• An arbitrary decision based upon inappropriate criteria such as a particular expert’s personality or your own beliefs.

  • The trick is to hone your own critical thinking skills in order to make your own decisions based upon the evidence provided.


The secret with critical thinking you become the authority1

The Secret:With Critical Thinking, You Become the Authority

Nobody else can do it for you.

Ultimately, you are always the authority for yourself. The question is whether or not you’re going to be a reputable and trustworthy one.


Being author and authority

Being Author and Authority

In writing, this translates into careful and precise prose.

You use words carefully to convey meaning, not to hide it.

You make sure your sentences are clear and free of ambiguity.

You read and re-read what you’ve written.


Being author and authority1

Being Author and Authority

  • Data

    • Track information to its source, or as close as possible.

    • Become familiar with a number of trusted sources: journals, newspapers and such. These would be publications reliable enough to summarise research and quote statistics in a relatively trustworthy manner. This is your fist line of information.

    • Upon finding something in the first line of information, the next step is to begin tracking down the original source.

    • Next comes the hard part: Thinking about it.

    • If the data appears sound, does it support the conclusion being drawn from it or is a different, and equally-reasonable interpretation possible?

    • Is there equally-strong data refuting it?


Giving authority to your paper

Giving authority to your paper


Becoming the authority

  • The Steps to an Authoritative Paper

  • You put your paper in proper APA style

    • or whatever style is standard for your situation.

  • You turn on your both the spell and grammar checkers

    • and pay attention when they tell you something is wrong.

  • You present your thesis (your overall argument) in an orderly and understandable fashion,

    • being fair in your summation of any evidence supporting or undermining it.

  • You check every fact: those supporting your thesis and those undermining it.

    • (And remember – if the evidence undermining your thesis is stronger than that supporting it, then for crying out loud, switch sides!)

  • You tell your reader exactly where you got your facts from.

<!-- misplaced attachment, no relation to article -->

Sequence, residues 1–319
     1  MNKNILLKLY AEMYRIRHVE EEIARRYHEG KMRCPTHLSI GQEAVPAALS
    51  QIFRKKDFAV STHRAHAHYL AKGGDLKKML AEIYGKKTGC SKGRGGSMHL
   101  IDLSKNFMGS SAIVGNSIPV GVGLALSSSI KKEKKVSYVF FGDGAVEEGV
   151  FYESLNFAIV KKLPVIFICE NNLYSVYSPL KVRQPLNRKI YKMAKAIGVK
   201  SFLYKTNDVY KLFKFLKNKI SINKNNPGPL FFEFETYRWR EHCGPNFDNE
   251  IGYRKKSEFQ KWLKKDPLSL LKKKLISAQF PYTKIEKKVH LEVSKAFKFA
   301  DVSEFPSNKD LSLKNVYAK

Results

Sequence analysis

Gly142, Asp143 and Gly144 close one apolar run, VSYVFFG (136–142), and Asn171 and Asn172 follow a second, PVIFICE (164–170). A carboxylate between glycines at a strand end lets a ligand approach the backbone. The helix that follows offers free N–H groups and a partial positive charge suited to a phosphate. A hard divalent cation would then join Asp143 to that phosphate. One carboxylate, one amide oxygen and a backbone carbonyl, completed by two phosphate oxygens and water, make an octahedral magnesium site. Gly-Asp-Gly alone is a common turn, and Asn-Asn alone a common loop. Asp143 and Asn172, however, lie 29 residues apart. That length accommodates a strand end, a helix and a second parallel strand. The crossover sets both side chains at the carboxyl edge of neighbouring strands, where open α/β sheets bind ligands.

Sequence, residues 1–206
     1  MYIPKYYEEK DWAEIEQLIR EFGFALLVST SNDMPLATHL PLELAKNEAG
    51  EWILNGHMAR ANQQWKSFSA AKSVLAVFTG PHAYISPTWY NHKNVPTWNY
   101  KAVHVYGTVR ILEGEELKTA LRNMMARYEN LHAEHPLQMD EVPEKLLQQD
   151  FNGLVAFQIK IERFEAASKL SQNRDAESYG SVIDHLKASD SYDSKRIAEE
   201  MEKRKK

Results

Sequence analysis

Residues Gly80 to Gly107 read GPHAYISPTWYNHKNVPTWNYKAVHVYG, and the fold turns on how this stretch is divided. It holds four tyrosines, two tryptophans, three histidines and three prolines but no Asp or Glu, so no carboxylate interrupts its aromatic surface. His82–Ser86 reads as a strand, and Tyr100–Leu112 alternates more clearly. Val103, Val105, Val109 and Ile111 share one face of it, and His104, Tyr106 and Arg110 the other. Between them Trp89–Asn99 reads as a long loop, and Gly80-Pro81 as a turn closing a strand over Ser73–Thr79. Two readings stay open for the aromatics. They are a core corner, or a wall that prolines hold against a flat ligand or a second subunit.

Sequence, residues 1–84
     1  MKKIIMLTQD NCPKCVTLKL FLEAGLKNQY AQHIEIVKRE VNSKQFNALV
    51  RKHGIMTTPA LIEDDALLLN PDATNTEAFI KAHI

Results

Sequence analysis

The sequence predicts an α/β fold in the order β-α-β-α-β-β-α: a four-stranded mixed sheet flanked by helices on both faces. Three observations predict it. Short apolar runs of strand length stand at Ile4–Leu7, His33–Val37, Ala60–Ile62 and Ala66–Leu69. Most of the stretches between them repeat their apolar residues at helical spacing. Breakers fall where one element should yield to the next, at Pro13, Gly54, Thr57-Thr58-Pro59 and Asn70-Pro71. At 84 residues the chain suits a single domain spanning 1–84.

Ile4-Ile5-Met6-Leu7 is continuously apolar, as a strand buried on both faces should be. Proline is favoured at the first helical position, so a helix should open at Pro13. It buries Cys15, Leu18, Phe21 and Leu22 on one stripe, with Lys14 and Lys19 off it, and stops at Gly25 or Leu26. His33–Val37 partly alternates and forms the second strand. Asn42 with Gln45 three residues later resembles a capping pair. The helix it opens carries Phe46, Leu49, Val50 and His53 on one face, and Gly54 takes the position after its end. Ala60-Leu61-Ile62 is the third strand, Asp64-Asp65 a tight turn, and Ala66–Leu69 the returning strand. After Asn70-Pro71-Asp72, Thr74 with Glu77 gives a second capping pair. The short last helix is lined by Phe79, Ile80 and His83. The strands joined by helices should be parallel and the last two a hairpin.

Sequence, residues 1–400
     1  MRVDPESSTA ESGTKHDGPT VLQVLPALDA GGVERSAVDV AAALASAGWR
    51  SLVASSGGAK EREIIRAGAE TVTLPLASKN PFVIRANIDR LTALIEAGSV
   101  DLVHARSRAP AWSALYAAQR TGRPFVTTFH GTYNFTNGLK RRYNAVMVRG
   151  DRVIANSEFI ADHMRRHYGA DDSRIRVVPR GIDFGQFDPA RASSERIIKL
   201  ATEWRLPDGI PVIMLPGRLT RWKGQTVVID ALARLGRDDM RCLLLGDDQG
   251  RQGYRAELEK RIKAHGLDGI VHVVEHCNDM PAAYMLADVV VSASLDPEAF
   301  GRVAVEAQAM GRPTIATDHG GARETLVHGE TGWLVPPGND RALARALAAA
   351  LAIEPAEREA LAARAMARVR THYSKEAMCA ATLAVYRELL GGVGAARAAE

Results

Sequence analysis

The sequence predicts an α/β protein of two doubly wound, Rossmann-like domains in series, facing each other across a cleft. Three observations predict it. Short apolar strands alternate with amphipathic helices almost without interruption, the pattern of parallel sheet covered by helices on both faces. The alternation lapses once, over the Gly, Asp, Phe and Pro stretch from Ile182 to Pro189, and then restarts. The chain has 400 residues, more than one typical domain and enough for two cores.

• You cite the source in the text, and provide details in the Works Cited.

  • You do whatever you can to help the reader understand all the parts of your thesis:

    • the evidence, the reasoning, the conclusions. Putting things into context is essential.


Becoming the authority

  • You are firm in your statements.

    • Don’t try to overplay your hand, but give each argument its worth. Don’t weaken your authority with unnecessary qualifications.

  • You give your essay an overall flow.

    • It doesn’t have to follow the battle scenes mentioned earlier, but however you put it together, make sure that the essay doesn’t interrupt itself to go back for a point it missed, or that it doesn’t spend too much time on details of a relatively unimportant (or already well-understood) piece of evidence, while fleetingly mentioning items of far more value.

  • You use humour when possible, but don’t force it.

    • We’re not looking for a comedy piece here. But if, for instance a contextual analogy can be light-hearted or entertaining, make it so. An example can be found in the second part of the TTC argument above. To make it clear that Moscoe’s lament over the number of busses they could hypothetically have bought with the money lost through the counterfeit ring was mostly showmanship, we compared it to a daily intake and suggested that they merely put off buying the busses for a couple more days.

  • You are interested.

    • If you’re not interested, neither am I. In fact, if you’re not interested, nobody is interested. Bringing “passion” to your essays doesn’t mean indulging in emotional melodrama; it means putting all your effort into the understanding and articulation of your thesis.